Dorothy B. Hughes is one of the hardboiled authors of the classic period. Whilst this novel may not have the wit of Chandler or the plotting of Hammett, it does however fall into the category of a psychological thriller, the pace maybe somewhat slow for some readers, and the character of a serial killer may not be as believable as say in Jim Thompson's Killer inside me. However, it is intelligently written in an intuitive and introspective sense even though the climax is flagged well in advance.
Dix Steele is back in town, and 'town' is post-war LA. His best friend Brub is on the force of the LAPD, and as the two meet in country clubs and beach bars, they discuss the latest case: a strangler is preying on young women in the dark. Dix listens with interest as Brub describes their top suspect, as yet unnamed. Dix loves the dark and women in equal measure, so he knows enough to watch his step, though when he meets the luscious Laurel Gray, something begins to crack. The American Dream is showing its seamy underside.
This book originally published in 1947 was the March read, as voted for by the fellow pulp fiction group members on Goodreads. I will hold my hands up and admit it hadn't attracted my vote. (The Hot Spot - Charles Williams was my selection.) I can't be doing with women authors! I'm only joking; honest.........I admit I don't read enough by them. So it was an opportunity to, if not redress the balance at least make a tentative step in that direction.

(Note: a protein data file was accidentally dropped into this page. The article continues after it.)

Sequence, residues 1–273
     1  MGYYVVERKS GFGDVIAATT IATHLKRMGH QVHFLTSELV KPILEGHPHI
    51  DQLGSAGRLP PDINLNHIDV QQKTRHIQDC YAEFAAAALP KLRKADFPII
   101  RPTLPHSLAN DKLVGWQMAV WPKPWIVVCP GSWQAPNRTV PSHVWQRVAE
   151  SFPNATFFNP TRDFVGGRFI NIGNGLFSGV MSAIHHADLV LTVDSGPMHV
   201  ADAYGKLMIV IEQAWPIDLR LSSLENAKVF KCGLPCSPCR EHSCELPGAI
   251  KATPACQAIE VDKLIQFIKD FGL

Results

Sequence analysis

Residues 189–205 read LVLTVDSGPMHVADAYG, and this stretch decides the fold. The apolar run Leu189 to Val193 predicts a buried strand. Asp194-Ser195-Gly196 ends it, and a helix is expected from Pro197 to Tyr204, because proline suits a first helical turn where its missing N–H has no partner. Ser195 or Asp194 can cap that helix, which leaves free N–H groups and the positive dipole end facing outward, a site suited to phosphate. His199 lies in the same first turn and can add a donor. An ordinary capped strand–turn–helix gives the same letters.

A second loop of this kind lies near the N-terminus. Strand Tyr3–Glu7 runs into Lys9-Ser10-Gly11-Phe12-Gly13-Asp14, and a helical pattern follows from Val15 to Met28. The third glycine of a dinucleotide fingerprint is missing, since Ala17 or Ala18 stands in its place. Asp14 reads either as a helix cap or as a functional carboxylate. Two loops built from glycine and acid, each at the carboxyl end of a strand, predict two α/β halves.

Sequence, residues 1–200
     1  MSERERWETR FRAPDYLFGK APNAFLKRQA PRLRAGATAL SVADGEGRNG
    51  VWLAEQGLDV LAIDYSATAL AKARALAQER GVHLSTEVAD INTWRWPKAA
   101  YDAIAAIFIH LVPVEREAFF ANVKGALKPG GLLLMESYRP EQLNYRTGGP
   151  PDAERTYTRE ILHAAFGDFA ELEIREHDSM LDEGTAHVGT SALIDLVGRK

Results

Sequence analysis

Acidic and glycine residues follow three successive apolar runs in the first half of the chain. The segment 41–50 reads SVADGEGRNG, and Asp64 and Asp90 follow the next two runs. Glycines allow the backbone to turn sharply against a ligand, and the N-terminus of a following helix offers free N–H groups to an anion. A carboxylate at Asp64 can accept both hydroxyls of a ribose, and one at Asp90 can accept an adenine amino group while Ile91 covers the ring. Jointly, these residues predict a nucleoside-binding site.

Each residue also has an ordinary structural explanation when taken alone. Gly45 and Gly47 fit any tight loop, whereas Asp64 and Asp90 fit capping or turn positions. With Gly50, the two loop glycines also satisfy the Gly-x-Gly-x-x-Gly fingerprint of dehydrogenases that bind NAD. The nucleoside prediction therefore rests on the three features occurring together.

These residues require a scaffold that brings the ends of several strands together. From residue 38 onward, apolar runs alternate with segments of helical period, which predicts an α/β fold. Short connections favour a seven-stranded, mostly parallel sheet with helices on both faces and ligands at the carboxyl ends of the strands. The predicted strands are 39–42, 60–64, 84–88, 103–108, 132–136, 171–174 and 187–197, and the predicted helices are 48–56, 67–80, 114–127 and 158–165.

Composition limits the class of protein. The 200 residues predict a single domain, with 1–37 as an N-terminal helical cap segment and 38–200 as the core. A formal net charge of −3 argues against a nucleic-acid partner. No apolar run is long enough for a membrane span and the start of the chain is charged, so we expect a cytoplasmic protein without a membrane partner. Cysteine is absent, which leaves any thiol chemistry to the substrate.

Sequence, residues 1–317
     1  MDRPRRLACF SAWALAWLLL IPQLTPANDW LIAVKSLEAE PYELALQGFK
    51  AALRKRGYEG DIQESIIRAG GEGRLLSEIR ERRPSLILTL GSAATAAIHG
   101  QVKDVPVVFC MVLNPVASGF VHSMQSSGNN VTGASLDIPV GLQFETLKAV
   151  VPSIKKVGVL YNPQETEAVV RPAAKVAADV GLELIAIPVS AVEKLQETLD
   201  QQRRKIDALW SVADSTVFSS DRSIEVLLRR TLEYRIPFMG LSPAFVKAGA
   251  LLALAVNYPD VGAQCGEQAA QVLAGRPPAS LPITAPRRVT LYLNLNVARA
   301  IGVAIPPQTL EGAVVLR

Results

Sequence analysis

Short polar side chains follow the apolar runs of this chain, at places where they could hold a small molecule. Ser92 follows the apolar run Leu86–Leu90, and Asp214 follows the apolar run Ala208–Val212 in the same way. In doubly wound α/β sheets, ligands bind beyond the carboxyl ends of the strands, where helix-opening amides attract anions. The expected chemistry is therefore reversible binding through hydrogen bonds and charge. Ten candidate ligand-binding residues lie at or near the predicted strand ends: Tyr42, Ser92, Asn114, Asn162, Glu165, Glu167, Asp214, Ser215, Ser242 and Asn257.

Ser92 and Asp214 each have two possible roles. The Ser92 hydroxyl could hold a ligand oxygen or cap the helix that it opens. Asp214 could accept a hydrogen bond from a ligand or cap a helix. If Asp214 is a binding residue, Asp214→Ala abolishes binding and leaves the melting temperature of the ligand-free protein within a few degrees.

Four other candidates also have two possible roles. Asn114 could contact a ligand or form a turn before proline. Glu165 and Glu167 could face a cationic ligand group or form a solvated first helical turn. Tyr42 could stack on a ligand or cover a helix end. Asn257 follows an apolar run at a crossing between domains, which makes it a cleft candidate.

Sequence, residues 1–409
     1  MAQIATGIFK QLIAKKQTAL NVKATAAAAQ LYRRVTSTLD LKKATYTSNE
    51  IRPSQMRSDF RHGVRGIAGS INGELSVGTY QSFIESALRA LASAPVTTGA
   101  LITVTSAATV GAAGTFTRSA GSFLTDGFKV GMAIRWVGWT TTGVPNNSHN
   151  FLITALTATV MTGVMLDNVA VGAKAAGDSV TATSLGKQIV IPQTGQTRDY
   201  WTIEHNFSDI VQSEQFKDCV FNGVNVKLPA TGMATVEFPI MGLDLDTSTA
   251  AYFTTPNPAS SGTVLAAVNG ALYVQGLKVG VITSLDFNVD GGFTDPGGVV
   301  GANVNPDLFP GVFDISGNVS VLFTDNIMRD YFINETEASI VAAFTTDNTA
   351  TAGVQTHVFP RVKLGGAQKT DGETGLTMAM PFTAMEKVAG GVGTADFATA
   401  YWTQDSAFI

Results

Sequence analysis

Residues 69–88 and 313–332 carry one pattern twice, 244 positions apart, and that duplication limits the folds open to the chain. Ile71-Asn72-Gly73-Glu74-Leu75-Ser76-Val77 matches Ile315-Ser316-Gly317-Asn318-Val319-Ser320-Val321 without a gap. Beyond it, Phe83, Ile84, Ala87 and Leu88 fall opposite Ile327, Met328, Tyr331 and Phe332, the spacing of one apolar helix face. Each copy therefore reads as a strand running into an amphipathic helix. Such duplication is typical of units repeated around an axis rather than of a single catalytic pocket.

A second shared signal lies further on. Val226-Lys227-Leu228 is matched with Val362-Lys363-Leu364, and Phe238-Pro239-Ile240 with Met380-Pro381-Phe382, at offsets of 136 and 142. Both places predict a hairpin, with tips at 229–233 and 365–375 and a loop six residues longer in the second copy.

It was enjoyable enough insofar as I was kept wondering throughout whether Steele would get away home free. We know from a very early stage that there is something screwy about him, and a lot of the narrative allows us to see things from his perspective. He masks his emotions easily and only briefly does he allow his guard to slip and allow his friend's wife to suspect he is more than he seems. Brub, his policeman friend seems taken in initially......dinner with good ol' Dix, drinks with good ol' Dix, reminiscing about their shared exploits in England during the war.
Steele, funding his pretend lifestyle as a novelist, on someone else's dime, eventually allows his sickness and paranoia to overtake his caution.Read more ›
Most Recent Customer Reviews
I read this for a uni course and really enjoyed looking at a "Hollywood" novel. The uncertainty of the protagonist being the criminal or not is really compelling and I... Read morePublished 19 months ago by Peter
Fascinating study of the mind of a murderer, told with brilliant use of suspense. Made into a film starring Humphrey Bogart directed by Nicholas Ray - the story has little... Read morePublished on 4 Feb. 2014 by Pam Cook
Taut, tense thriller that has as many layers as the swirling mist with which the story opens. Beautifully written, this is a noir that's darker and more complex than the Bogart... Read morePublished on 17 Nov. 2013 by Bookhound
Dorothy Hughes was a new acquaintance for me and I don't remember having seen the movie either. Being a Hammett/Chandler/MacDonald fan Hughes was immediately a big hit for me. Read morePublished on 21 Mar. 2013 by Jippu